Labour’s slim victory in the important Batley and Spen by-election yesterday will remove the immediate pressure on the party’s embattled leader Sir Keir Starmer. The winning candidate polled only 323 more votes than the Conservatives in a seat that has been Labour since Tony Blair’s landslide in 1997.
The vacancy, caused by the incumbent Tracy Brabin’s election as a regional mayor, saw every political party in England mobilise to get a strategic “mid-term” win. Also in the mix was George Galloway, a former Labour MP and now a perennial thorn in the side for his old party, who came third with over 8000 votes. By standing, Galloway very nearly split the Labour vote enough to allow the Conservatives to victory.
Mid-term by-elections are all about the flow of travel among the electorate and are watched like hawks in Westminster to sense the mood of the country. After a few years in office, governments often begin to look stale and voters begin to look somewhere else. Poor results in a mid-term election can dramatically weaken party leaders whilst strengthening the hands of those who’d like to replace them.
Feeling the most heat last night was Starmer, who has been consistently languishing ten points behind Boris Johnson’s Conservatives in national polls. The Conservatives have seemed immune to political challenges for some time now, despite anger in much of the country at their handling of the COVID-19 pandemic and the ever-changing roadmap back to normal life.
In fact, the Conservatives had sent in their big guns to campaign here, sensing that Galloway’s presence could be enough to secure a shock win. In the end, it wasn’t to be and they won’t be the only ones disappointed. The Liberal Democrats long-awaited breakthrough into national politics looked to be on the cards when they unexpectedly won the Chesham and Amersham from the Conservatives by-election in June. However, the party fizzled away into nothing last night, with their candidate getting a mere 3.3% of the vote. This may mean that the Lib Dems are still only as good as the local issue they can find to campaign about and that there is no large appetite in the country for their return.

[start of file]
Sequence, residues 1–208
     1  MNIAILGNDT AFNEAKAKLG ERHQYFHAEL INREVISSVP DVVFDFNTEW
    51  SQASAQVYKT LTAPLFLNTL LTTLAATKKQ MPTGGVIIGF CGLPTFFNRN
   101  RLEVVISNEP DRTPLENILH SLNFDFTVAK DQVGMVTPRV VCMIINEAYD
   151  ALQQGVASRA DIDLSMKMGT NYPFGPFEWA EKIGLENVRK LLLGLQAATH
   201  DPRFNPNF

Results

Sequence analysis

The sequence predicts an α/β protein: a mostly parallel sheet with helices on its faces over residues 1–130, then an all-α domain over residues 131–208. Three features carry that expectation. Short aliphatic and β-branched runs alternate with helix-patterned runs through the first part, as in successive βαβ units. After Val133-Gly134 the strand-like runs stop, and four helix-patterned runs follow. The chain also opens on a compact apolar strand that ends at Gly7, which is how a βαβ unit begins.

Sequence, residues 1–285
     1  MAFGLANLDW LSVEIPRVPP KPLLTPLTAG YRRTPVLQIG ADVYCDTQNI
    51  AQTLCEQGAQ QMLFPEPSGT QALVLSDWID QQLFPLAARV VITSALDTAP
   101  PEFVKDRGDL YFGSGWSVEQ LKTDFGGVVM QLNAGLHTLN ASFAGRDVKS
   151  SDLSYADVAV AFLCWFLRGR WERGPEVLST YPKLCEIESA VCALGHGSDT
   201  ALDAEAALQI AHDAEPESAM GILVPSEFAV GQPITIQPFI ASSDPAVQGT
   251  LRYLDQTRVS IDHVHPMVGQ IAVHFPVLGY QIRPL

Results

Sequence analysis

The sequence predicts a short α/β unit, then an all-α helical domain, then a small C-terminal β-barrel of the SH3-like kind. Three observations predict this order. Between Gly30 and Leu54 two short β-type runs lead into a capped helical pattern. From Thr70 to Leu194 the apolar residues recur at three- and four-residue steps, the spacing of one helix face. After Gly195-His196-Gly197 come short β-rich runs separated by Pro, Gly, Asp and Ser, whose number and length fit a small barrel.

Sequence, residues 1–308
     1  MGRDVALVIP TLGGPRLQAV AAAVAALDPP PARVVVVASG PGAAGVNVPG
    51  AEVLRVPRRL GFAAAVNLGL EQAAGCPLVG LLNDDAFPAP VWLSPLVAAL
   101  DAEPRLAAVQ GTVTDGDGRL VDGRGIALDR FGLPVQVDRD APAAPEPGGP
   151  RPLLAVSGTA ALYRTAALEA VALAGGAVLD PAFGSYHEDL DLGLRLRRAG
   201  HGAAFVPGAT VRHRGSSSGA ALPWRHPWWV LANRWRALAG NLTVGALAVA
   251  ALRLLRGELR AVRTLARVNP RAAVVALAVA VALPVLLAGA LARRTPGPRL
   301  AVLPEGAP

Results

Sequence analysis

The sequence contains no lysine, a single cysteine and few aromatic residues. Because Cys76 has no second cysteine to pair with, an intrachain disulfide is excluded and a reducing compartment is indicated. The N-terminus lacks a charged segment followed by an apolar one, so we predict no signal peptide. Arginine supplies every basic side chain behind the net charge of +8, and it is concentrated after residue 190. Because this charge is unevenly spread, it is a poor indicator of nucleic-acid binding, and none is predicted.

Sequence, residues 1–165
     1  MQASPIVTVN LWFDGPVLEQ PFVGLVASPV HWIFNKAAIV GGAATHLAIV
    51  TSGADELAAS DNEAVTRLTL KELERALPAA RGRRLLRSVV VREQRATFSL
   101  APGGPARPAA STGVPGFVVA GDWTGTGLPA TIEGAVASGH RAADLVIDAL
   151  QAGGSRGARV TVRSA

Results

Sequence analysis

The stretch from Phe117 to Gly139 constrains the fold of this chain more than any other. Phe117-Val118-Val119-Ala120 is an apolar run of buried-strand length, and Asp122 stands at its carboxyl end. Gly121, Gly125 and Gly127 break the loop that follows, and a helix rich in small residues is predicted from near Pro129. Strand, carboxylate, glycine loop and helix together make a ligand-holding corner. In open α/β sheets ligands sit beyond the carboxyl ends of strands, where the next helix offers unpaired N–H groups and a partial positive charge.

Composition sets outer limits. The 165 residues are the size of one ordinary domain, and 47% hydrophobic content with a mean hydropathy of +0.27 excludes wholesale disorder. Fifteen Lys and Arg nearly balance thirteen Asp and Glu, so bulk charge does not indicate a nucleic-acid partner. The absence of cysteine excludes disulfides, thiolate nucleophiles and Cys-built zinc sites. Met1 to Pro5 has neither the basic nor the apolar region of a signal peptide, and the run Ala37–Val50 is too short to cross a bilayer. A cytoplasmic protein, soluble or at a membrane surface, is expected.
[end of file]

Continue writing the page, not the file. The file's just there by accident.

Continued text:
When victory is just a few hundred votes, it’s the “get the vote out” team on the day that will have won it, so Starmer will be relieved that the machinery of his party is beginning to improve. It will also be a huge morale boost to his workers, something not to underestimate. However, it won’t stop the constant criticisms of his leadership from his own party, the media and voters.
Starmer has yet to connect with the people in the same way that Johnson has, despite the fact that almost nobody in the UK has any reason to identify with Johnson’s privileged background. Part of the issue is that during the pandemic, the country has focused almost entirely on the government’s every word. No post-war government has ever had such an obvious and direct impact on its peoples’ day to day lives. The huffing and puffing of an official opposition shouting into the void of Zoom have therefore been an irrelevance to many people, who just want to know what will be done rather than what might have been done, had they elected Labour.
And whilst Starmer is amiable, the perception remains that he’s just another human rights lawyer from London, a do-gooder champagne socialist who is a million miles away from the real-life issues you’d find on a council estate in the north. He’s also exposed for not having any clear policies, the “key messages” of politics. At the moment, we know the Tories want to end the lockdown and Build Back Better. It’s not much, but it’s something. Ask people what Starmer wants to do, and it’s anyone’s guess. What would he do differently? How would he rebuild the economy? What would he do for the northern belt of former Labour seats who now vote Tory? Few know, and even fewer care.
So where does the Batley and Spen result leave things once the dust has settled? We know Galloway can inflict huge damage, but he can’t be doing this at every by-election. We know that support for the Conservatives is still strong, but weak for the Lib Dems. And we know that Labour can get its act together and rediscover the art of winning when it has to. But with the country heading out of lockdown and the Conservatives expecting praise for it, this victory might have only extended Starmer’s time as Labour leader, rather than secured it.